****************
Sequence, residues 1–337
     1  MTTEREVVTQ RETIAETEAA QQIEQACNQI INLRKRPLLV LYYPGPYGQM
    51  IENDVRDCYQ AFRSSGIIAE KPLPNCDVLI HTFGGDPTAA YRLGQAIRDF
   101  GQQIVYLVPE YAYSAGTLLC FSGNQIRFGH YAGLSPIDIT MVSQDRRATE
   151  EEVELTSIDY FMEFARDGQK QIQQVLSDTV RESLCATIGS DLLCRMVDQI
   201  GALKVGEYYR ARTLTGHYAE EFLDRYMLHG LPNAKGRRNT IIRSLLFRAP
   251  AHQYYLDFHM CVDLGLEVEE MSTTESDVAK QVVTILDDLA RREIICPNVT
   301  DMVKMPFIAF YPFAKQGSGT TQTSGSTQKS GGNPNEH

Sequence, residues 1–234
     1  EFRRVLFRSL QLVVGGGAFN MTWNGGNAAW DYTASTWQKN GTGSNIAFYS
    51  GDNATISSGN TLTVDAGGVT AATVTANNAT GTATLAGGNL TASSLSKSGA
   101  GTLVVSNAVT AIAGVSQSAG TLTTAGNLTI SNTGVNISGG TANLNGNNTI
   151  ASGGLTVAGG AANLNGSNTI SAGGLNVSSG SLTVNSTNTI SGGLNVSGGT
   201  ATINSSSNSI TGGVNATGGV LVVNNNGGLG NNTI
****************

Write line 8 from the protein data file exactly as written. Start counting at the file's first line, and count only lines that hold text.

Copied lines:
   301  DMVKMPFIAF YPFAKQGSGT TQTSGSTQKS GGNPNEH